Monday, 15 December 2014
#CBR6 Book 135: "The Promise in a Kiss" by Stephanie Laurens
Rating: 4 stars
Sixteen year old Helena de Stansion, Comtesse D'Lisle, is spending Christmas Eve wandering around the gardens of the convent where her sister is recuperating from illness when a man suddenly drops down into the convent garden pretty much on top of her. Assuming the man is fleeing from something clandestine, she lies to the nuns and the guards when the approach her to ask if she's seen someone on the grounds. As a thank you for protecting him, the handsome stranger gives her a kiss.
Seven years later, while in England trying to find a suitable husband, Helena discovers that the man who kissed her is none other than Sebastian Cynster, the Duke of St. Ives. Helena's autocratic guardian has signed a document giving her permission to choose her own husband, should his title, wealth and landholdings be equal to or surpassing her own. Helena is determined to get away from the demands of her guardian and want someone as different from him as possible as her husband. A nice, kind man who won't try to control her. One short meeting with St. Ives, and it's obvious that he is just as controlling and arrogant as her guardian, if not more so. He has also sworn not to marry, but delighted to see her again, offers to help her find a suitable match. Helena is convinced that he has designs to be her lover, and if he aids her in finding a biddable husband, she will be more easily seduced.
St. Cyr hasn't really forgotten Helena either, and while he is not announcing his intentions to find a wife publicly, the machinations of his tiresome sister-in-law has made him reconsider his vow never to marry. When he discovers that the lovely girl he met seven years ago is now a beautiful and spirited young woman, with a temper and an iron will to match his own, he's pretty sure he's found the woman he wants to share his future with. He pretends he wants to help her find a match so he can spend more time with her and get to know her better. He finally manages to convince her that he wants her as a wife, not just as a mistress, when further complications occur.
It turns out that Helena's guardian and St. Cyr have a history, and that St. Cyr once won a valuable dagger in a wager. Now Helena's guardian wants it back, and he intends for Helena to steal it, or her sister will be in terrible danger. Helena has to decide whether she will betray the man she is growing to love or the sister she adores.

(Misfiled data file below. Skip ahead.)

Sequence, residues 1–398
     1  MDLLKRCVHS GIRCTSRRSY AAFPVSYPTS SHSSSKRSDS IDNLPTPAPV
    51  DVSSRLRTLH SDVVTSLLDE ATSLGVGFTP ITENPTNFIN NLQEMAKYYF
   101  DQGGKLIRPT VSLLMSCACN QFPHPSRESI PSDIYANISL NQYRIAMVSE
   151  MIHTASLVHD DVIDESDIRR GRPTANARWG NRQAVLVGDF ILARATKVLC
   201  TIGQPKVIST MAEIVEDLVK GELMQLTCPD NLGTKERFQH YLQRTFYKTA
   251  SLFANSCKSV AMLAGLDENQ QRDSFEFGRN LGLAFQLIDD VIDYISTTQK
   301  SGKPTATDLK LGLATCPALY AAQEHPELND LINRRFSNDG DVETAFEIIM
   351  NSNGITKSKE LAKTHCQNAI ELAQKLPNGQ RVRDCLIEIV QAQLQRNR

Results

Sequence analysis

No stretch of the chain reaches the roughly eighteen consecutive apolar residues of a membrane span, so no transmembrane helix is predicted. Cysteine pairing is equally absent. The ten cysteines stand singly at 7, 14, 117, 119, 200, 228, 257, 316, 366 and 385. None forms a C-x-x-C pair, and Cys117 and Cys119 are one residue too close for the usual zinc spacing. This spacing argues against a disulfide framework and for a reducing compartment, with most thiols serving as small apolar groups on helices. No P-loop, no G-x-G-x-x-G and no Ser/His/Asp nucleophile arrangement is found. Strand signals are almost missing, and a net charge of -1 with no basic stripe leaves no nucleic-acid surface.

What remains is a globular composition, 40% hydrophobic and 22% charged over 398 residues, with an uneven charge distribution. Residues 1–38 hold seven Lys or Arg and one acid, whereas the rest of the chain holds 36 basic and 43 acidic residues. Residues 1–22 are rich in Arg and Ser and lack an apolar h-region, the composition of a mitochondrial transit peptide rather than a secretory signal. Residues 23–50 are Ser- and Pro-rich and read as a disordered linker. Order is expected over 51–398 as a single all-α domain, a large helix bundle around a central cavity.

I've never read any Stephanie Laurens, but a quick Wikipedia search shows me that she has written a truly staggering amount of romances, mostly focusing on the romantic exploits of various Cynster family members. This book is chronologically the first in the series and as such set in Georgian times, rather than the Regency. Sebastian and Helena are a fun couple and in some of their interactions, they reminded me of Falconbridge and Genevieve in Julie Anne Long's What I Did for a Duke. I suspect older, worldly, archly sarcastic nobleman and younger spirited woman will always bring that to mind now.
I bought the book in an Amazon sale more than a year ago, probably on the recommendation of Smart Bitches, Trashy Books (I buy a lot of romance that way) and promptly forgot about it until this month's Monthly Key Word Challenge, where it qualifies twice (promise and kiss). It's also set around Christmas, which made it impossible to pass up. It's a fun read, even though the main complication in the lovers' way involves a misunderstanding that could have been much more easily solved through simple conversation and honesty. Still, when the truth is out and all the cards are on the table, I will give Laurens thanks, because St. Cyr reacts in a very logical way to Helena's secrets and the resolution is both action packed and exciting. Possibly a bit silly and melodramatic, but I enjoyed it a lot. I'm not sure I'm going to be actively seeking out more of Laurens' books, but if they show up in another e-book sale, I'm not ruling out buying more.
Crossposted on Cannonball Read.